This is one of at least four versions that Jan van der Heyden made of this scene of Cologne and its half-built medieval cathedral. It is an alluring view. He has captured the lengthy shadows and raking light of a bright morning in a city street populated with people from all walks of life.
Most of the architecture is broadly accurate. Building work on the cathedral had ground to a halt 100 years earlier, and the strange contraption on top of the tower on the right is the original medieval crane. The shadowy stump just behind the line of trees is the north-west tower.
While the layout of the building is correct, many details, such as the window traceries, are not. And some other buildings – notably the two in the right foreground – appear to be entirely made up. Van der Heyden’s concern was, most likely, to produce a pleasing view rather than a strictly accurate record.
This is one of at least four versions that Jan van der Heyden made of this scene of Cologne and its half-built medieval cathedral. Although he lived in Amsterdam he travelled quite widely, including visits to German cities along the Rhine such as this. The river was a vital trading route, and Cologne would have been familiar to many merchants in Amsterdam.
It is an alluring view. Van der Heyden has captured the lengthy shadows and raking light of a bright morning in the city street. The long perspective down what was known as Trankgasse is populated with people from all walks of life. We see strolling gentry, a maid carrying baskets, a horseman, a woman with children, and a beggar. These were added, on instruction, by the specialist painter Adriaen van de Velde.
The rest of the painting is certainly by van der Heyden. While he has taken extraordinary care to make the scene seem real – look at the way he has articulated the cobbles and the shadows falling across the brickwork – he has also let his imagination run free. Much has changed or been demolished in the 350 years since this scene was painted, but contemporary drawings and the variations in his own versions of the view tell us that van der Heyden made significant adjustments to what he saw.
Take the cathedral. When van der Heyden made this painting the building was certainly still the confusing jumble of unfinished parts we see here. The foundation stone of a hugely ambitious project had been laid in 1248, and the construction work had ground to a halt 300 years later. Work didn’t restart until the campaign of 1842–80 which finally completed the building. So we're looking at a project which had gone nowhere for a century. The strange contraption on top of the unfinished south-west tower is the original medieval crane. The shadowy stump just behind the line of trees is the north-west tower, intended as a twin to frame the west facade. Behind that is the choir, which would remain bricked up until the nave was finally completed two hundred years later. But while the layout of the building is correct, many of the details, such as the window traceries and the dimensions of the tower, are not.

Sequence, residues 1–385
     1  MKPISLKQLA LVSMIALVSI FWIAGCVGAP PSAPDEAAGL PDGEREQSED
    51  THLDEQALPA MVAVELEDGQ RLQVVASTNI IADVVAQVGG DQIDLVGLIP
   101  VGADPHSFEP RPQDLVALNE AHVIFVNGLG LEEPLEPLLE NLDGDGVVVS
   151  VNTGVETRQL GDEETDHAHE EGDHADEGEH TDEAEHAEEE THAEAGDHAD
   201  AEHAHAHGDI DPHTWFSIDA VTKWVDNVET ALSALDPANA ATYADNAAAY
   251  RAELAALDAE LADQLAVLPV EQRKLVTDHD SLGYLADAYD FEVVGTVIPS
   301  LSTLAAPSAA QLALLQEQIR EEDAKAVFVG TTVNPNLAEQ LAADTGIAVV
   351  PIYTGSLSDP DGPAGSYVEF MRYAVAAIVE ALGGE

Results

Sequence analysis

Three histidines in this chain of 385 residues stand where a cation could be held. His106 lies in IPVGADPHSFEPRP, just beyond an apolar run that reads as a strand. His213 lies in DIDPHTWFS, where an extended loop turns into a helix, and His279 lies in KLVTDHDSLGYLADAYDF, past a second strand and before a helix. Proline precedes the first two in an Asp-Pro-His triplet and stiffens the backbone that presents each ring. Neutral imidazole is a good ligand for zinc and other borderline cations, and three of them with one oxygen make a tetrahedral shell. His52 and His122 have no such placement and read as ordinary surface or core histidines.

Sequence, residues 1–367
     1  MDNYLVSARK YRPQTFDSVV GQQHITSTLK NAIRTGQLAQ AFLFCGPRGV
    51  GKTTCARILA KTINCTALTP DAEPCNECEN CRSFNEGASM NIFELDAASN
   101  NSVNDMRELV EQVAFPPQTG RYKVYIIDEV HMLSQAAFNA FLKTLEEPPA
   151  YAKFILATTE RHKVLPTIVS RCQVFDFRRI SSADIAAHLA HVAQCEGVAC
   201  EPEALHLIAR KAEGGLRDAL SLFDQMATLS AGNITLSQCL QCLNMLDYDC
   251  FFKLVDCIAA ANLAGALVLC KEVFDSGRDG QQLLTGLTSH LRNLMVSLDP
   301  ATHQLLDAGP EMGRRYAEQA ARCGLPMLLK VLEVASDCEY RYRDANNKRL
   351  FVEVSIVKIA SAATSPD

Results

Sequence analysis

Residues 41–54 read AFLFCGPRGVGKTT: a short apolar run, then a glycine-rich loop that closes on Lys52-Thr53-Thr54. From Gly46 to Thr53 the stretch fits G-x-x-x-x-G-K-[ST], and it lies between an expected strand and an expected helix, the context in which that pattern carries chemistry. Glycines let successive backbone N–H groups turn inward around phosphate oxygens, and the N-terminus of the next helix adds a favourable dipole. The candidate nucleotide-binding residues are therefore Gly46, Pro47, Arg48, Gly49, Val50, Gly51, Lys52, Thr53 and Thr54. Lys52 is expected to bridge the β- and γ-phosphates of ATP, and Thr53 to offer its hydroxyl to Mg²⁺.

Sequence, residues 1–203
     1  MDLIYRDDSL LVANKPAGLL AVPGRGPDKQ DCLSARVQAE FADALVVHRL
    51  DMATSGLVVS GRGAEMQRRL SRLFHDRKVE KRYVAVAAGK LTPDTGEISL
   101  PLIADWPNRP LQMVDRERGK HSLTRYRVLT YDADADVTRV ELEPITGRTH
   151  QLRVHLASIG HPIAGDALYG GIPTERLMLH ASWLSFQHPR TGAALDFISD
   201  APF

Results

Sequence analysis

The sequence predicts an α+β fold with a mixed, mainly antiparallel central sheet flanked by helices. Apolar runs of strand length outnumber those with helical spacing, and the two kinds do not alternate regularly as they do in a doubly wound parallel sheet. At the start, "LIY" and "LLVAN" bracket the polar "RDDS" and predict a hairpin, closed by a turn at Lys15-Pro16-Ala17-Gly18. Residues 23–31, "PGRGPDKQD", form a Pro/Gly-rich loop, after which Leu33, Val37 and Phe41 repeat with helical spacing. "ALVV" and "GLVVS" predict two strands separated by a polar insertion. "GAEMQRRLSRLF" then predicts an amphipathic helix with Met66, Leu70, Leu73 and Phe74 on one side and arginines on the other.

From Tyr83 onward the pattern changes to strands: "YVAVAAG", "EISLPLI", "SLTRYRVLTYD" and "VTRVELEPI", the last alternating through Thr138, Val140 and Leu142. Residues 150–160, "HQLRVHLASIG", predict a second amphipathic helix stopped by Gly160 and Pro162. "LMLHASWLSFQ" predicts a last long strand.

Van der Heyden made similar changes to other buildings. The most prominent, with the walled garden and the bright red brick, is the deanery. This had just been extensively rebuilt, and although it no longer exists we know that the artist painted it in a broadly accurate way. However, the pinnacles on the stepped gable in the centre of the building seem to have been a product of his imagination. Other buildings, notably the two in the right foreground which are reminiscent of the style prevalent in Amsterdam at the time, appear to be entirely made up.
Why would van der Heyden take so much trouble to paint with such attention to tiny detail, and yet take such liberties? Most likely his concern was to produce a pleasing view which captured the sense of a place, rather than a precise record.
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